"Indeed, there is a paradox here. Insofar as you actually use the force you threaten, you fail to get what you wanted, which was for the other person to do your bidding. If you don't use it but merely threaten it, you might succeed in that. But if the other person thinks through it, he could alternatively just refuse, and then where are you? This is the classic game theorist's situation known as 'chicken.'" --Jan Narveson
If you're having reading problems, I feel bad for you, son. I read 99 pages, plus a whole 'nother one. Hit me!
Today's book is Jan Narveson's You and the State: A Short Introduction to Political Philosophy. This reading introduces another element as of yet unseen in my series: bitter, vehement disagreement between reader and author. Essentially, Narveson's book is on the utility of the state, and whether some other models (read: anarchism and libertarianism) may be more useful, or at least open for discussion. The first hundred pages doesn't really get to this argument. What we get instead is an introduction on political philosophy, a discussion of the need for government in the face of (or sometimes, created by) those who would claim rule through brute force, a discussion of conservatism in light of the guardian state, and the first half of a run-down of classic liberalism.
For the first half of the hundred pages, my main argument with the book is also my main praise: its accessibility. I know from hard experience how easy it is to let a discussion of any philosophy, political or otherwise, get bogged down in overladen terminology and discipline-staking jargon. That Narveson avoids this jargon is to his credit; that he embraces simplicity in his prose is even more so to his credit. My problem, however, is two fold. First, and we'll deal with this complaint more fully in a moment, speaking simply sometimes lends itself to speaking broadly, and that in turn leads to overgeneralizing. Second, there's a fine line between speaking plainly and patronizing, and I think Narveson, in his commitment to the former, passes over to the latter, as evidenced by the quotation above. But really, that's a minor quibble; I imagine the book was written for an undergraduate audience, and it's ideally accessible for a first year political science class.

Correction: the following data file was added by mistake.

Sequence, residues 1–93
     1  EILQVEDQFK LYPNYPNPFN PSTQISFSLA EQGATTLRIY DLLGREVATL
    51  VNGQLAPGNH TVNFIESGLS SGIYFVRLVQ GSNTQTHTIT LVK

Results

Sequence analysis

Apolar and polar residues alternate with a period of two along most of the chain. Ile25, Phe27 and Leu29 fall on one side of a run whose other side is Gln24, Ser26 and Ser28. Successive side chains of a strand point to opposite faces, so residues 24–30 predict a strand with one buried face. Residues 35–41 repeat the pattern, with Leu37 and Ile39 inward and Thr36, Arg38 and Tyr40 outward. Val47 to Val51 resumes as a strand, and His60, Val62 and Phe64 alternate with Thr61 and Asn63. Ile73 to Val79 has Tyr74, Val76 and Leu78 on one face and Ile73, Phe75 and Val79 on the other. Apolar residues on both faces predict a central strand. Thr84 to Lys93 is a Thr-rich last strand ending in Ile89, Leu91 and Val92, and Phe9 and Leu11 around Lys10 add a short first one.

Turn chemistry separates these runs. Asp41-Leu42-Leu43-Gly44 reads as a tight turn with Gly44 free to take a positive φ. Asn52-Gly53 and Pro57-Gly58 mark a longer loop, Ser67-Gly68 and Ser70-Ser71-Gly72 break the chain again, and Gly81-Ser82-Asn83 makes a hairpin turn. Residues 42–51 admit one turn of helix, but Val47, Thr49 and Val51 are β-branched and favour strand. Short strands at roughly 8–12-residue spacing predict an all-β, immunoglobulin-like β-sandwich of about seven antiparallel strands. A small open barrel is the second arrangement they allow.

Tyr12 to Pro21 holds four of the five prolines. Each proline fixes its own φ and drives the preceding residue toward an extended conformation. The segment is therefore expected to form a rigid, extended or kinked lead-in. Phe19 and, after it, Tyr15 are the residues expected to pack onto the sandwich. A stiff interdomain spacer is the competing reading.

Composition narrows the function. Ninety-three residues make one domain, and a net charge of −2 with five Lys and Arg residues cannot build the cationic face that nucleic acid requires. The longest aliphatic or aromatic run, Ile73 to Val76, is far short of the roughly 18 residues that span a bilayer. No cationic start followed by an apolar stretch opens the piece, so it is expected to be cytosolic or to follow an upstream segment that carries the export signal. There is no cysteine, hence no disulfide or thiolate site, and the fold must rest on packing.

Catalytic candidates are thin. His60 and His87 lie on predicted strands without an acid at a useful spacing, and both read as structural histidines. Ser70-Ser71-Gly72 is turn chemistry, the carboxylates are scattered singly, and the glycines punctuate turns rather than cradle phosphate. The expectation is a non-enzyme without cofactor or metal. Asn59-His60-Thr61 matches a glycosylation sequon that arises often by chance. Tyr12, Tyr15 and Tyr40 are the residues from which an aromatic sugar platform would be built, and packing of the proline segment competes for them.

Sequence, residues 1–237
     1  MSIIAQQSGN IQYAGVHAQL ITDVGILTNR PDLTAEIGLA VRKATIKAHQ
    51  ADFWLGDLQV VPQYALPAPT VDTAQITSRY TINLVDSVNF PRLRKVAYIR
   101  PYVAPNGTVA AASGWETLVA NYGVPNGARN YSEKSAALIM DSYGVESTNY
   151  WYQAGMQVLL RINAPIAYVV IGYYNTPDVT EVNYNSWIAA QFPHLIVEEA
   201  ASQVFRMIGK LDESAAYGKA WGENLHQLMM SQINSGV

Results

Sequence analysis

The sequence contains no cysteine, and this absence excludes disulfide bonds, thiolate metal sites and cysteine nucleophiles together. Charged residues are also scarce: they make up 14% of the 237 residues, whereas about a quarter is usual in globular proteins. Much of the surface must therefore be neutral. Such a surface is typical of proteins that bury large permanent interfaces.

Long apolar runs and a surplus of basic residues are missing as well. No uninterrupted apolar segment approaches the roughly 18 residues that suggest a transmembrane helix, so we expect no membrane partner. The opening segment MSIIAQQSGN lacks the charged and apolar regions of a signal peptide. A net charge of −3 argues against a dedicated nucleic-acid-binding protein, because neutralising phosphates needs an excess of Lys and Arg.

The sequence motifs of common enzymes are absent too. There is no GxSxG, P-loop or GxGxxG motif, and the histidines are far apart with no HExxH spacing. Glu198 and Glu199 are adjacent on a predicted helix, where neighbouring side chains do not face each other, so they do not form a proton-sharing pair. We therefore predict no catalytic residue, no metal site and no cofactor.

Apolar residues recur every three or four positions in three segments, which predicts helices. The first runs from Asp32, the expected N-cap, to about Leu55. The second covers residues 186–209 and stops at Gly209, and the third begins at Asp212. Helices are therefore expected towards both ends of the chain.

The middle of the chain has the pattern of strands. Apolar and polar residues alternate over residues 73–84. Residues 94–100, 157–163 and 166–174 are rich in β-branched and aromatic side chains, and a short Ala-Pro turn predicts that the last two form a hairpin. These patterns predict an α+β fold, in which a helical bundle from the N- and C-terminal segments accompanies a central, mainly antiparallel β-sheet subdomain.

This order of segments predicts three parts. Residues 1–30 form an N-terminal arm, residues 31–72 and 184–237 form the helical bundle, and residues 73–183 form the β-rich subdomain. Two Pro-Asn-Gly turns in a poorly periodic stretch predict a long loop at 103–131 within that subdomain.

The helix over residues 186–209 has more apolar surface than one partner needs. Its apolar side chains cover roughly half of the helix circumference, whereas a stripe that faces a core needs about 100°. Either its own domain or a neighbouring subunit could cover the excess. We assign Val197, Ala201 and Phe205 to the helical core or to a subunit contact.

Where things get a little more disagreeable for this Person of Consequence is the chapter on conservatism. Again to his credit, Narverson starts off with the recognition that conservatism is a much misused word, as it refers to political parties that don't really practice it in any traditional sense, and it refers to a common use that makes it equivalent with "slow to change," which can be ascribed to virtually any political system. Rather, he defines it as any political system that forces values on its people, and the contrast is liberalism as the view that individuals are the authorities of their own good. And thus we range through the historical "conservative" leaderships: aristocracies, martial rule, hereditary aristocracy, oligarchy, rule by priests, slavery, and--here's where the trouble starts, Marxism. Basically, I disagree fully with Narveson's characterization of the problems with Marxism, and his discussion on the other side of things, the value of capitalism and the free market. Allow me to explain, in arduous, hippy-laden detail.
First the disclaimers: I don't really consider myself either a Marxist. I've read too much lit theory to ascribe to theoretical Marxism, as I find it rather boring, and I've read too much history to ascribe to Marxism as it was put into practice, as I find that rather terrifying. If you had to boil my philosophy down into a clear statement, it would be, after much hand-wringing, that each individual person has a personal and moral responsibility to help out their fellow human beings (and, sometimes, just fellow beings), or, at the very least, avoid doing anything that actively harms them. The avoidance part leads to a liberalism in social issues, and the helping part leads to a governmental system of support in other issues. So if you know of a pithy term that encapsulates both those aspects, let me know.